So I've only shared them once so far with the last cohort, and again, I had such wonderful feedback. I could really see it helped make that final session with them more powerful. And releasing the episode not only helped me with Inspiring HR, it then gave me the idea of creating a new workshop, which ended up evolving through a couple of different ideas until it became the Boost Your HR Career Workshop.
And I ran that for the first time a little earlier this year. It's funny to think that none of those things would've happened if I didn't have the pressure of creating a new podcast episode every week, and I wasn't constantly thinking about the HR Planner.
If you're like me and you can find it hard to embrace progress over perfection and you find yourself moving forwards very, very slowly, not only might knowing your tendency help so you can build in strategies to keep you on track and to kickstart you into going.
Not only can the time management tips help that are mentioned in the other episodes that I've already talked to you through today. But a big thing that can help is practicing self-compassion as well. That can be very powerful. And self-compassion is something that Tom Cleary covers brilliantly in episode 43 of the podcast, which is called, The one thing that will boost your resilience throughout your HR career.
I will be forever grateful to Tom for introducing me to the concept of self-compassion and showing me how important it is. His episode is probably the one that has had the biggest impact on me personally, out of all of the guest episodes that there have been so far. I'm always making the episodes with you in mind, so how it's going to help you.
But having Tom on the show and learning about self-compassion has helped me to be a lot kinder to myself, if I don't feel I'm achieving as much as I'd like to, or I'm being hard on myself for things not being as perfect as possible. If perfectionism can hold you back, I really hope that listening to the episode with Tom will help you as much as it helped me.
That brings us to the third and final lesson that I wanted to share with you today, and that is that people are wonderful and happy to help. It is always worth asking for help or letting people at least know what it is that you are up to, where it is that you are in your career, what kind of things that you are working on, and what kind of support you'd benefit from. Now, this ties in with what I said earlier at the beginning of today's episode, when I was talking about the first lesson and having a personal board. I've always believed that the majority of people are good hearted. Having the podcast has really proved that this is true beyond what I had even realised.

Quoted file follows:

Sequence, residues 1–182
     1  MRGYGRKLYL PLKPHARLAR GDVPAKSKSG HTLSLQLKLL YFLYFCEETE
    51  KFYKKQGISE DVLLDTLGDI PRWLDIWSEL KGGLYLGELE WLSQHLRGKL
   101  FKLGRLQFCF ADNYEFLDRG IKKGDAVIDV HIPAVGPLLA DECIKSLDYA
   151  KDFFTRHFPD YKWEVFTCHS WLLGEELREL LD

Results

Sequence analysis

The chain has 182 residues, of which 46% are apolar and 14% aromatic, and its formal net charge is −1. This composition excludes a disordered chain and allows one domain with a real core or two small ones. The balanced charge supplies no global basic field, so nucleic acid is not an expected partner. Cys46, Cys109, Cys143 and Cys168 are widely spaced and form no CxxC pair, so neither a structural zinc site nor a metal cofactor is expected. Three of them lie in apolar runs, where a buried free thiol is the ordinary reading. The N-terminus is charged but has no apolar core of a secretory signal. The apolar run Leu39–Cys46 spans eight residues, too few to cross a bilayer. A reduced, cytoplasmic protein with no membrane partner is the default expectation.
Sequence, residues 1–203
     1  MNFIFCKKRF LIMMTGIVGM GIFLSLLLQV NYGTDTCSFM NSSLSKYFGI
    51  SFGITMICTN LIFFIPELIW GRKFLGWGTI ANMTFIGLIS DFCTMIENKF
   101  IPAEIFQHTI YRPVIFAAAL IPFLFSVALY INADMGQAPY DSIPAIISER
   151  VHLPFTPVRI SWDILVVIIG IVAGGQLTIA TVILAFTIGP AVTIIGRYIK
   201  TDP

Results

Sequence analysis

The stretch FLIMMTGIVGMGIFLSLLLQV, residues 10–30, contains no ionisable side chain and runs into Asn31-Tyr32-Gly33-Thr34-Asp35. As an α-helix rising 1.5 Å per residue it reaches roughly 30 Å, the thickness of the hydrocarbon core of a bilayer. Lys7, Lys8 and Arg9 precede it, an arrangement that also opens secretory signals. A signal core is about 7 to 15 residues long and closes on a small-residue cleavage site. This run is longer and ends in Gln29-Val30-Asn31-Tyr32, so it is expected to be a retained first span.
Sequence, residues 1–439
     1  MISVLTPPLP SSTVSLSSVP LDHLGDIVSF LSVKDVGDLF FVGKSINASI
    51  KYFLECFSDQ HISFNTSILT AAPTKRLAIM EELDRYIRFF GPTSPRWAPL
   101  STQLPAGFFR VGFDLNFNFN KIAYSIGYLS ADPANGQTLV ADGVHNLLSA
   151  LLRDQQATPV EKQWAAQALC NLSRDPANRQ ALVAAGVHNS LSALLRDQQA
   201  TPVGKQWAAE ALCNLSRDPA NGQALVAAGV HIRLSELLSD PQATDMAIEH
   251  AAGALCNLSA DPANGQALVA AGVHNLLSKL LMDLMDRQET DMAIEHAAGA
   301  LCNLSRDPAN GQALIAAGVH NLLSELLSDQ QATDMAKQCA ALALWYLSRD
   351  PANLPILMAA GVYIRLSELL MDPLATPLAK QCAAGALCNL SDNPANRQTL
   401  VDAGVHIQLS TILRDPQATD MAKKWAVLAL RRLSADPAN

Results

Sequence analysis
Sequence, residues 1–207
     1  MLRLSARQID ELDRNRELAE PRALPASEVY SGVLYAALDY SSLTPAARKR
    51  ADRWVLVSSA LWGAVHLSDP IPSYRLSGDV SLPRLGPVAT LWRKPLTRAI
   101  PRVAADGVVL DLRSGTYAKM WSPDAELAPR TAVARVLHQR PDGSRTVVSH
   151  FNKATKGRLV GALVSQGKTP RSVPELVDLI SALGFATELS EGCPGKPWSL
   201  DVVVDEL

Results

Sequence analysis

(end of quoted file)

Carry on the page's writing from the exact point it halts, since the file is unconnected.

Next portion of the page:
You'll know because of my experience as a career coach and episodes that I've created in the past, how powerful I think your network can be. I always talk about the power of your network when I come across someone who's looking for a new job, or I'm coaching someone around career change because so many of the best jobs and the best opportunities materialize after speaking to people in your network to explain what kind of role you're looking for.
Having HR Coffee Time has made me realize this is true definitely not just when you're looking for a new role or a career change, it can help you with all aspects of your career. And having the podcast has forced me to really expand my network, especially when it comes to finding guests for the show.
It has been incredible to meet so many people and to have had their support. So far, only two people, I think, who I've approached to ask if they'd like to be a guest on the show have ever said no. And of course that's absolutely fine. I totally understand that it's not going to be right for everybody. I feel especially grateful to the first two authors that I approached.
If you've been listening for a while, you'll know I'm a big reader. I love books, I really admire authors. So for some reason it felt particularly nerve wracking approaching authors who had these bestseller books that were doing brilliantly, who I had never spoken to and had no idea who I was. And the podcast was fairly new, so not many people knew about it. And those two authors were Kim Arnold, who appeared on episode 32, which was called How to write work emails that get results. And actually she came back on again recently, which was lovely. And the second author was called Niamh O'Keefe, who appeared on episode 37, the first 100 days Plan to succeed in your new HR leadership role.
Even though I was ridiculously nervous about approaching them both and had half convinced myself that they'd say 'no', they actually turned out to both be lovely and more than happy to come on the show. Having had them say 'yes' then gave me more confidence in inviting other people I'd never met before onto the podcast, and now I'm in this weird position where I'm inundated with requests from experts and authors to come on the podcast. Again, something I never imagined would happen. So I'd love to encourage you to think about how you can nurture and build your own network as well. I promise it will help your career in ways that you can't imagine at the moment.
As well as the episode about having a personal board, there are several other episodes about networking for you to choose from. They are episode 11, Networking, the three most important networks for your career. Episode 15, How networking can help your career, and episode 16, How to become more confident about networking.
While we're on the topic of how wonderful people are and how supportive they are and how happy they are to help, it seems like the perfect opportunity for me to wrap up this episode with a huge thank you to you for being one of the many people who has been so wonderful and been so supportive by listening to the show each week. And an extra big thank you if you've ever rated and reviewed the show for me on Apple Podcasts or Spotify.
All of those ratings and reviews have made a massive difference in encouraging the podcast players to recommend the podcast to people who haven't heard of it before. And also a thank you if you've ever got in touch to let me know that you are enjoying listening to HR Coffee Time, or to suggest a topic for me to cover.
It always means the world to me when any of these things happen.
Have a great week and I'm looking forward to creating the next 100 episodes for you.